While most studies exploring the experiences of women using the female condom have been conducted with specific communities or in low-income countries [8,17,25], this is the first study to examine the experiences of women in Australia. Findings may inform health promotion efforts, clinical consultations and sexual health counselling guidelines.

In the current study, many women reported experiencing some difficulty in inserting the female condom. Previous research has similarly reported initial insertion difficulties [e.g., 26], however others have shown that these early challenges become easier with continued use [e.g., 17,25,27,28]. For example, one study with South African women with a history of engaging in unprotected sex found that after 2–3 attempts, women were no longer experiencing insertion-associated difficulties [25]. More generally, these difficulties have been attributed to the ‘newness’ of the method, and therefore women’s unfamiliarity with the female condom [17,29]. Given that the majority of our sample only used one of the three female condoms provided, and did not have previous experience using the method nor saw a demonstration prior to use, participants’ experiences of inserting are likely to improve as they become more familiar with the method [25,30]. This could be facilitated by watching a demonstration online [31,32] or with the advice and support of a health professional [33,34].

To support women’s use of the female condom, contraceptive and STI consultations could include a discussion of the challenges that may arise when first using the female condom [34] and the provision of reliable educational resources [35]. Practicing inserting the female condom before using with a sexual partner may also be beneficial [33]. Health professionals could also demonstrate insertion of the female condom with visual aids or demonstration models [e.g., 33,34]. Similar to other studies [35], however, our results suggest that health professionals are not the main or only source of information about the female condom. Therefore, a multidimensional approach to education would be of value, including the participation of pharmacists, parents and teachers, as well as educational tools that may be accessed online.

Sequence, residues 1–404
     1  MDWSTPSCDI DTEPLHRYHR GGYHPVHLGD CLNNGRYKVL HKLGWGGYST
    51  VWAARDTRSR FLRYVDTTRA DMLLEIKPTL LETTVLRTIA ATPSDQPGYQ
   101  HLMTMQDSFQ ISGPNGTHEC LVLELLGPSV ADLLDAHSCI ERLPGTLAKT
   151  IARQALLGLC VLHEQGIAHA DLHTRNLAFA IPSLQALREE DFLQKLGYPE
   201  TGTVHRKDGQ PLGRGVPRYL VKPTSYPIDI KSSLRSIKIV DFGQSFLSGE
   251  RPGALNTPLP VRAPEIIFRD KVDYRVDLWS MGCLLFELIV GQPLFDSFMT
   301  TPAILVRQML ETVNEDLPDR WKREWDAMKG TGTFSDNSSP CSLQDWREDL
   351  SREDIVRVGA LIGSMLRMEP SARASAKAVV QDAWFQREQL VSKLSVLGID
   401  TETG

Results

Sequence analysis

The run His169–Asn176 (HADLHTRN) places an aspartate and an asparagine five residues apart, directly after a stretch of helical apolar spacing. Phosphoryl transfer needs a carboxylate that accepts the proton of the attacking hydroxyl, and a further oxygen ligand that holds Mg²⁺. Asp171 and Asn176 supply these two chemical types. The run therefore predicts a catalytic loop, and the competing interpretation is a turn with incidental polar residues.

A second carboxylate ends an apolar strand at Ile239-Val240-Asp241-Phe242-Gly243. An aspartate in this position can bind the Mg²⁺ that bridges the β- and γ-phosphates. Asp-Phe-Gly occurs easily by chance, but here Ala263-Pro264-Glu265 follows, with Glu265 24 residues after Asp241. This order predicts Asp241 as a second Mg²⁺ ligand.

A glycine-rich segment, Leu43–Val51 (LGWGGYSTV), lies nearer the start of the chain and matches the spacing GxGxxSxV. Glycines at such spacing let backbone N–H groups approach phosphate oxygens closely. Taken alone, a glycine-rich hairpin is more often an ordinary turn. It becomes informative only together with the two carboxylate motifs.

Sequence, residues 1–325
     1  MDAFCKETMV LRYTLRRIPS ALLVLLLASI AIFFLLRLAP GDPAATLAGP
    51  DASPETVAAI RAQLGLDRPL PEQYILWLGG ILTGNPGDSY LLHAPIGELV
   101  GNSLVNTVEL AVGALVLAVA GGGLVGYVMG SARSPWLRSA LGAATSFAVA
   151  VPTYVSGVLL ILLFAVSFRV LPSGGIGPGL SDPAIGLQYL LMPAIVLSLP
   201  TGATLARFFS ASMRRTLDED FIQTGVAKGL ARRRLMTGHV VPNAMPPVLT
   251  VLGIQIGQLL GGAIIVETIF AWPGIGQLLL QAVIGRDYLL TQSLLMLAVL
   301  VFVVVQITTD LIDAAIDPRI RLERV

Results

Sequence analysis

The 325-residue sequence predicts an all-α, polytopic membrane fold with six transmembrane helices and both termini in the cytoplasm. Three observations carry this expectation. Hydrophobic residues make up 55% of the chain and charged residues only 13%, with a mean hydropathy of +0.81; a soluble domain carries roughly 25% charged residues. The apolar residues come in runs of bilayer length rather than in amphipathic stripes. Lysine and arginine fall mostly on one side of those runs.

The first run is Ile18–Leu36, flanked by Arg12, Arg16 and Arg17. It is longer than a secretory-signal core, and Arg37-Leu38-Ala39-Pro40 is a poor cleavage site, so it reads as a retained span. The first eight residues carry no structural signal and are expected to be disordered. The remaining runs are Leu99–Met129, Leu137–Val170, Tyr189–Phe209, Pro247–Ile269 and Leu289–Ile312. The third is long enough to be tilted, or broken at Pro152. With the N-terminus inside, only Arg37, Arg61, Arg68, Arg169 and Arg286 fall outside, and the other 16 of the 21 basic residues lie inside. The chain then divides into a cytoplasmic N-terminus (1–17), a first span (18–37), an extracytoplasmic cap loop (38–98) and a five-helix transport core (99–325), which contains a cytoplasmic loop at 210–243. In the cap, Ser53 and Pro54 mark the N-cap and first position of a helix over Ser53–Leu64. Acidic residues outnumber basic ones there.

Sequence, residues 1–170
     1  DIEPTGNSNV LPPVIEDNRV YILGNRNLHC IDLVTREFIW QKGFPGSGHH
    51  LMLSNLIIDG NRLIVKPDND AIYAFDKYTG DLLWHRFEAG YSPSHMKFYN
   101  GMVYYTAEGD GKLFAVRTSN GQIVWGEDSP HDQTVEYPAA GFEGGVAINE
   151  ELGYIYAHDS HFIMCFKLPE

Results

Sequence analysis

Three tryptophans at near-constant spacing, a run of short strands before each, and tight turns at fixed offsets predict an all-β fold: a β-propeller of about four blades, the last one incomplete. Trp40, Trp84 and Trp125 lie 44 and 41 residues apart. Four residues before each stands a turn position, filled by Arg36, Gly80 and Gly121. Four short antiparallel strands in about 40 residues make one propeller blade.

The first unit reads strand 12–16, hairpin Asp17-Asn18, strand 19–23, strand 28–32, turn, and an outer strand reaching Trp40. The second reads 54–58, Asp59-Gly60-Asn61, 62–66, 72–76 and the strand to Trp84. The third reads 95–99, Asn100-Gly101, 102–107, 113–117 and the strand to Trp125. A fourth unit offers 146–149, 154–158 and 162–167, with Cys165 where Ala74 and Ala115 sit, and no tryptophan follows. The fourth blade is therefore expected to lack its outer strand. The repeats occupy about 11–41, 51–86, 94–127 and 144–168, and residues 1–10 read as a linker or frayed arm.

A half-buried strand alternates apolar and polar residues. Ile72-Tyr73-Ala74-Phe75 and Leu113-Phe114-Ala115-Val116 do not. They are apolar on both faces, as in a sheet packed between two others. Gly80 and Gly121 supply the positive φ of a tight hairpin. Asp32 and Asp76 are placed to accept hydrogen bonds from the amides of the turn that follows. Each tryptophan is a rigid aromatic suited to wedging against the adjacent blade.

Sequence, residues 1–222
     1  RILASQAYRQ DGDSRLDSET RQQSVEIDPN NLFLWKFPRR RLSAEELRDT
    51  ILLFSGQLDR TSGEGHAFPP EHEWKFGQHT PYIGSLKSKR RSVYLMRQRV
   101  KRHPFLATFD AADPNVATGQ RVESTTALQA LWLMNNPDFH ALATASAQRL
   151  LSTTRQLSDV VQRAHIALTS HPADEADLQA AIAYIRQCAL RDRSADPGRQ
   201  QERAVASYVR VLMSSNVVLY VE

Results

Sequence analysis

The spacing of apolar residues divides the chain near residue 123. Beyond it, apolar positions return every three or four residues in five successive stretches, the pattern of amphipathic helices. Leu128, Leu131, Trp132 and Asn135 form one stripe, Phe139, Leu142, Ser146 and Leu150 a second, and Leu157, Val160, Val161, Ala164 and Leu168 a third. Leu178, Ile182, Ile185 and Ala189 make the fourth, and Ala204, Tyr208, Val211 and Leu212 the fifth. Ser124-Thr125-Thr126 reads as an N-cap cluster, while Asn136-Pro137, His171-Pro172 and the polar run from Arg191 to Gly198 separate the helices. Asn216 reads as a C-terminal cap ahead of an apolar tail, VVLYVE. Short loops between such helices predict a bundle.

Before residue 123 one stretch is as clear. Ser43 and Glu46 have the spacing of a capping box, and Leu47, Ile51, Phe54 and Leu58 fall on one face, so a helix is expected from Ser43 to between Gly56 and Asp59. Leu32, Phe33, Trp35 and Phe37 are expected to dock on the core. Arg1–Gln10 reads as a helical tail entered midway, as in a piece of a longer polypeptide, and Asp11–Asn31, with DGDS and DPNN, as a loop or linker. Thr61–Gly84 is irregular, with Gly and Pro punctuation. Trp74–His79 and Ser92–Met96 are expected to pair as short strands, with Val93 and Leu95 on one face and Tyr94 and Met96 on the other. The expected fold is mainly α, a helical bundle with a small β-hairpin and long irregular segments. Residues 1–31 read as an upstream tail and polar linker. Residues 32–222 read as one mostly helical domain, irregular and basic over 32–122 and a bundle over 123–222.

Most women in this study preferred the feeling of sex without a condom to sex with a female condom, which is a common finding among previous studies of both the female condom [e.g., 17,3639] and male condom [e.g., 4042]. A more useful comparison, therefore, may be across two barrier forms of protection; male condoms and female condoms. Approximately half of our sample reported that the female condom was comparable to the male condom in terms of sensation and comfort. Other acceptability studies have reported similarly mixed feelings in terms of their preferences between female and male condoms for both women [63%; 43] and men [44%; 44]. Participants in the current study also reported the female condom as having the same or better lubrication than the male condom. This finding supports that of a study among South African women, where 63% of the sample reported that the amount of lubricant was ‘just right’ [45]. However, the female condom was viewed by women in this study as allowing for less spontaneity than the male condom. In contrast to this finding, in other studies female condoms have been associated with greater sexual spontaneity as they can be inserted prior to sex [21,23]. This is a feature of the female condom which could be emphasised during relevant clinical consultations and health promotion activities.

When considering future use of the female condom, participants’ responses showed a preference for use for STI prevention rather than for use as contraception. Approximately half of women also viewed the female condom as helpful for being in control of their own STI protection and/or contraception. As there is already a wide range of effective female-initiated contraception methods available, the female condom may be particularly useful for women seeking control of their own STI prevention. In a study undertaken with low-income Puerto Rican woman at-risk of HIV/AIDs, reasons for trying the female condom were primarily associated with STI prevention (63%) rather than contraception (5%) [29]. Findings from another study with women and couples living in the United States suggested that those who used hormonal contraception were more likely to pair this with the female condom for STI prevention [46]. Supporting women to be in control of their own STI protection if desired may also negate the need to negotiate male condom use, particularly for young women [46] or those who are in power-imbalanced relationships [4749].